Healthcare: a personal responsibility

December 15, 2022

What seems to be a quick visit to the hospital turns into more. Medical bills start piling up, one on top of the other. Anxiety and stress levels reach new heights trying to figure out what insurance will cover. What they won’t cover. What comes straight out of pocket and what the final amount will be. 

 

Healthcare and insurance in America is complicated. Too complicated. And all these new bills and acts just makes everything worse. Should healthcare be more privately owned? Or should it be more government controlled? This constant debate feels never ending. 

 

According to the Heritage Foundation, about 43.3 percent of legal residents are enrolled in some type of government funded healthcare, whether that be Medicare or Medicaid, while the other 55 percent is private household or business spent. 

 

However, the private-sector share is expected to shrink, and government share is on the upswing of growth. President Joe Biden’s new administrative reforms aim to bring down the cost of healthcare and force more into government-run coverage. Sounds great, right?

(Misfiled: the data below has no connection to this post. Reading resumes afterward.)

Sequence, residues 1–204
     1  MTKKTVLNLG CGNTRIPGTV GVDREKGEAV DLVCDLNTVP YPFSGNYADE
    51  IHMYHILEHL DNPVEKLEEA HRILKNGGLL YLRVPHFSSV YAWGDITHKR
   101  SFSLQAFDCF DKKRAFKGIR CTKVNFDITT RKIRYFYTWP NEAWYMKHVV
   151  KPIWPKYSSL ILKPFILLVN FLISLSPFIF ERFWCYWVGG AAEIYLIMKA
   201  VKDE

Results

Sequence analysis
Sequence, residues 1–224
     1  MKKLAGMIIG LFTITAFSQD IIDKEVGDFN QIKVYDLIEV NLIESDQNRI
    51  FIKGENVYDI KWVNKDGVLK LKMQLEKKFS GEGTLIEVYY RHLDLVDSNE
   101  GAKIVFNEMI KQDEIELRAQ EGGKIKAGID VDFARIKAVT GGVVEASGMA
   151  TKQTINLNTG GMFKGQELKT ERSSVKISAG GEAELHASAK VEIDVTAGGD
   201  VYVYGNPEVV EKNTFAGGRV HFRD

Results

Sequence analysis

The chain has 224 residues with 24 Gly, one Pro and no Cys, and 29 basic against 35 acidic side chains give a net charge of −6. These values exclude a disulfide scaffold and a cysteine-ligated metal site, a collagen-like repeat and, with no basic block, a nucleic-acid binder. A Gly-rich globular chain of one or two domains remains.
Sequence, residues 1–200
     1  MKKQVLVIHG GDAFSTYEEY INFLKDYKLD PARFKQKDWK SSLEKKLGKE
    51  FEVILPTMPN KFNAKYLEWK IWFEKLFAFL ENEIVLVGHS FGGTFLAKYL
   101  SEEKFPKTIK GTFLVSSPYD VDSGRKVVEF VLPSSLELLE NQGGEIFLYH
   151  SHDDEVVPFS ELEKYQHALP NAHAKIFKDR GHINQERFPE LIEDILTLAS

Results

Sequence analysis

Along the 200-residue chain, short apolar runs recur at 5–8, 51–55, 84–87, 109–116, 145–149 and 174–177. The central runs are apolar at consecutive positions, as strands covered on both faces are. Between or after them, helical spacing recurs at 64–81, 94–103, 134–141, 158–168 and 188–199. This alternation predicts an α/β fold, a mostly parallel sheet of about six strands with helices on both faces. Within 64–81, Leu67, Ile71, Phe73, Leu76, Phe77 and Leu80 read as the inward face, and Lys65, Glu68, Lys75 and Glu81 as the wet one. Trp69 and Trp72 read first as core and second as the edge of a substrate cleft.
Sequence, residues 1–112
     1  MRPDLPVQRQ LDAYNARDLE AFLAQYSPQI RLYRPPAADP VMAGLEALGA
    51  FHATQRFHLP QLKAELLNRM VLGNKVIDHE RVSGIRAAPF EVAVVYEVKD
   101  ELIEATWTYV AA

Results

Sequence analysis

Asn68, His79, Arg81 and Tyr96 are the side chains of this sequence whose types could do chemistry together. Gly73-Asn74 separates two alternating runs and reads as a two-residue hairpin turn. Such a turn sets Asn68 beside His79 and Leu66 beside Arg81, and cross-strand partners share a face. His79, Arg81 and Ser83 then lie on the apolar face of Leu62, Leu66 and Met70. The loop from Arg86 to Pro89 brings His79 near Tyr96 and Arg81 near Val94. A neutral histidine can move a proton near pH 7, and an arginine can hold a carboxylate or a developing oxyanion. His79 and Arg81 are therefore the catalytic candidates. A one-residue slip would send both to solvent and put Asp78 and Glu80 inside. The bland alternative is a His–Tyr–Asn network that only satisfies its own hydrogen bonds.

Maybe. But total and complete government takeover of healthcare just gives the government too much control over everything. Yes, costs could be cut down, (which would be great considering how expensive healthcare already is), but people lose high quality care and the resources to technologically advanced medical technologies.

 

Not only does this take away from people, but it creates less flexibility for states. Consumers already have anxiety about the idea that their loved one may not receive the care they need and the government’s rules are the cause of this. The government’s rules, inflation, and regulations have distorted the market, and created personal restrictions. 

 

Recent bills proposed would put a complete end to  private and employer-sponsored healthcare, and turn to a new national healthcare program. This would restrict patients from receiving help outside of their physicians. While in theory, this would create a “fair game”, it really restricts people, and causes delays along with the denial of care. Long waits just to receive medical care would increase, leaving Americans more frustrated than before. 

 

On top of that, creating a new healthcare program isn’t cheap. The money for it has to come from somewhere, and that somewhere is the people. Taxes would increase tremendously, and even create more public debt. 

Along with that, it leaves political leaders with too much control. Control over people’s medical decisions, that may work for some, but not others. Even life or death decisions for thousands of people they will never know, just because certain treatments are unavailable. 

 

Trying to make things “fair” for people is turning into the opposite. Healthcare is a mess. A mess that needs to be fixed, and soon. 

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